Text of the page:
Lawyers for Demilitarization and Peace in Korea (LDPK)
Voices for Peace in Korea Resource Blog
Northeast Asia Peace and Demilitarization
Sponsored by the Lawyers for Demilitarization and Peace in Korea The Ubuntuworks Project and the International Committee of the National Lawyers Guild click for more information. See Bios of members of the delegation.
Lawyers for Demilitarization and Peace in Korea
Contact: Eric Sirotkin, Esq. firstname.lastname@example.org 541.778.4897
The standoff on the Korean Peninsula has reached a boiling point that is dangerous for all peoples of the world. The Lawyers for Demilitarization and Peace in Korea and the National Lawyers Guild condemn calls for a military solution in Korea. We reject the threat by U.S. President Donald Trump to use the “fire, fury and power” of the United States as “never before seen” against the DPRK, a statement carrying frightening echoes of the threats of “shock and awe” that devastated Iraq as well as the U.S.’ regional legacy as the sole country in the world to use an atomic bomb. We also reject any threat by the DPRK or any party to use nuclear weapons to strike Guam or other targets. This climate of threat and intimidation, in which the overwhelming nuclear power of the United States can never be elided or minimized, promotes the violation of international law and ignores the need for dialogue and engagement.
The Korean War ended only with a temporary armistice agreement that called for all foreign troops to leave Korea and for there to be negotiations of a peace treaty. The U.S. currently has nearly 30,000 troops and dozens of bases and posts in South Korea, a country the size of Indiana, and no peace negotiations have taken place in over 60 years. The Koreans have been subjected to the fire and fury and power of the United States before, as the war saw the full carpet bombing by the United States of civilian areas, a serious war crime after the devastation in Europe, and the loss of nearly 25% of the population.
Even without ICBMs or nuclear weapons, it’s long been estimated that within 48 hours of a military conflict breaking out casualties in Seoul could surpass 100,000 and, over 90 days later, later the U.S. Department of Defense estimates that a war could produce 200,000-300,000 South Korean and U.S. military casualties, in addition to hundreds of thousands of civilian deaths. These numbers leave aside the heavy toll to North Korean civilian and military lives under threat of “fire and fury.” There is no military option that comports with international law or the value of human life. The U.S. has long played an aggressive and militarizing role throughout the Korean peninsula. Its recent launch of live-fire weapons and missiles and threats following the recent launch of an ICBM by the North Korean military do nothing but ramp up the threat of war rather than acknowledge the necessity of negotiations without pre-conditions and peace for all people of Korea.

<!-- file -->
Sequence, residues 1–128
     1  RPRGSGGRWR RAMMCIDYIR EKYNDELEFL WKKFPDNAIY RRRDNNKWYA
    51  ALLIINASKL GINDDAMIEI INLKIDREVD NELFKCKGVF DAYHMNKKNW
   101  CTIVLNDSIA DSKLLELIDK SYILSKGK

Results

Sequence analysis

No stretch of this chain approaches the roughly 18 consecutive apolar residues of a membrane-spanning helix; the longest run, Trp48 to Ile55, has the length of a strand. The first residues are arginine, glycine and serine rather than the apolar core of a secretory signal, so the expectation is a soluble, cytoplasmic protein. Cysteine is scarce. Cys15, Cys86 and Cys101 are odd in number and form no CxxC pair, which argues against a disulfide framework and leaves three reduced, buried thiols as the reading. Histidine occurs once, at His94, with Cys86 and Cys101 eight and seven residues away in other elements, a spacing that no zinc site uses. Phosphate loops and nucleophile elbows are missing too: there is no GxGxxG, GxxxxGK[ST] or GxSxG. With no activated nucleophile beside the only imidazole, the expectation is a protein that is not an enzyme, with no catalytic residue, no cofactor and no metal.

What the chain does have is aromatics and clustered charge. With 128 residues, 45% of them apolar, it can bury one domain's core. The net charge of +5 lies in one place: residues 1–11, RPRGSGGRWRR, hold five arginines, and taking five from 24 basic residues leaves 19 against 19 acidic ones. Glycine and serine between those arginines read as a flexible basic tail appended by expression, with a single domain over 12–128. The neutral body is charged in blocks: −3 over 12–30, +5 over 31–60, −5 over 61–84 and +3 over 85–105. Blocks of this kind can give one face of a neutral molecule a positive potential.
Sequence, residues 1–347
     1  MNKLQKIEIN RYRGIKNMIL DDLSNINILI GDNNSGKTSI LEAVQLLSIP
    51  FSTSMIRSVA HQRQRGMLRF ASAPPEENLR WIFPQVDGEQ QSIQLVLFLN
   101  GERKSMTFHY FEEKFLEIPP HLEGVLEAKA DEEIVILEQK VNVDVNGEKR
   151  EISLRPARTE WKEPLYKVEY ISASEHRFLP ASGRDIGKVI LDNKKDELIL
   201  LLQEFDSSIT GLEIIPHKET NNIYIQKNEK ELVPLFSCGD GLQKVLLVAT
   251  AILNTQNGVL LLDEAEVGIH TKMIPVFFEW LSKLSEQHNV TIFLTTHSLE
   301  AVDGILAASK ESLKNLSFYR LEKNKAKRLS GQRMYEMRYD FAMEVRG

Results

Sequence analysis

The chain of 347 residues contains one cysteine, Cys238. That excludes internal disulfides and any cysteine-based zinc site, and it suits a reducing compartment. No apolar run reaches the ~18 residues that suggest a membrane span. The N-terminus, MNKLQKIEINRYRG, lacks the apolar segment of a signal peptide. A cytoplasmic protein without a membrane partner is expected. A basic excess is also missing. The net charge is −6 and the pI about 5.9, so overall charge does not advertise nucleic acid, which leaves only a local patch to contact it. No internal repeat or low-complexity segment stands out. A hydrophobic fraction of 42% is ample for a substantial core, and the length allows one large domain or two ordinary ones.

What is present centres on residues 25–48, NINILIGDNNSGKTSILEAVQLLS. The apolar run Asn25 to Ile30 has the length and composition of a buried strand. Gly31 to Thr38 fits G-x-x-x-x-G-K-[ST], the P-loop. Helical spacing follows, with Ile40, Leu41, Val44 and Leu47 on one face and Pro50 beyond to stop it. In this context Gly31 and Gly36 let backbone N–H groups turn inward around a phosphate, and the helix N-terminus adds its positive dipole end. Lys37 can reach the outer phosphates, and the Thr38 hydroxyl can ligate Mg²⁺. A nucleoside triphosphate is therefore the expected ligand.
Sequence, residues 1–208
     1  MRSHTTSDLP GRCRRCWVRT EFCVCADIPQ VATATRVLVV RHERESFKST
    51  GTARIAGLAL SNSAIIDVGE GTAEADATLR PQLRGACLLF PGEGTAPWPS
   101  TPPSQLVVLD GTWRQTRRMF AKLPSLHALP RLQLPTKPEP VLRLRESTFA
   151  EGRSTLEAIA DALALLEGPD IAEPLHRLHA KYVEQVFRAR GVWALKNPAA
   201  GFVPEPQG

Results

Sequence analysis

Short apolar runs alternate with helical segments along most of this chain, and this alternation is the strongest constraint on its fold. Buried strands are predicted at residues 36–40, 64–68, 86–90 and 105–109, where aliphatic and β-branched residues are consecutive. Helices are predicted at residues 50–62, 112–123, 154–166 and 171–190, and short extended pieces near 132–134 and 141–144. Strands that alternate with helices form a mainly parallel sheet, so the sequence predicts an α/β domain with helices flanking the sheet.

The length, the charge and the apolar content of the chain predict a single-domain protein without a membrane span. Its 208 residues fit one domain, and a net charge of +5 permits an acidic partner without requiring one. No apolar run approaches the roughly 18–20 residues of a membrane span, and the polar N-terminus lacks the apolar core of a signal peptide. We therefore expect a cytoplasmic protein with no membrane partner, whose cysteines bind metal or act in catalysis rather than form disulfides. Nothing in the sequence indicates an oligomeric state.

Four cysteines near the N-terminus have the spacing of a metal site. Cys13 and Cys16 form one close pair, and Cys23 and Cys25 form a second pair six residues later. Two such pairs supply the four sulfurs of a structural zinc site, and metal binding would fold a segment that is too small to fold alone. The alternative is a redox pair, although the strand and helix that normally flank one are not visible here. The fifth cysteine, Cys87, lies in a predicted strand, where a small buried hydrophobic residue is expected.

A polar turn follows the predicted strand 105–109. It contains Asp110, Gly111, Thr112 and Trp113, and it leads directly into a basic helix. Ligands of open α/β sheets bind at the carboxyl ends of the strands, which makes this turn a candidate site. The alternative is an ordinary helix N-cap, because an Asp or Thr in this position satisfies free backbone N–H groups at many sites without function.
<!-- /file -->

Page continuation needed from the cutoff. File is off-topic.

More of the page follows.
We can best honor all those lives that were taken in the Korean War and in the intervening decades, including those caught in the crossfire since the 1953 temporary cease fire armistice, by finding a durable peace. U.S. threats of violence only ramp up the danger of war, whose costs would be paid in blood and tears by the people on both sides of the Korean peninsula.
The Lawyers for Demilitarization and Peace in Korea and the International Committee of the National Lawyers Guild call for a new approach that builds relationships and reduces tensions, rather than marching toward war. It is time to reject rather than escalate the militarization of Korea. It is time to talk more, not less, and to formalize relations, not as a reward, but as a necessary preventative measure.
We call upon the U.S. government to:
Cease making threats of war and violence.
Support the will of the South Korean people, as represented by newly elected President Moon Jae-in, that have called for unconditional face to face dialogue and a peace treaty.
Formalize Diplomatic Relations with North Korea.
Engage in face to face dialogue with the North Koreans to enter a full peace treaty to end the Korean War and to assure a policy of non-hostility.
Engage in further talks to address the necessary demilitarization and non-proliferation of the Korean peninsula.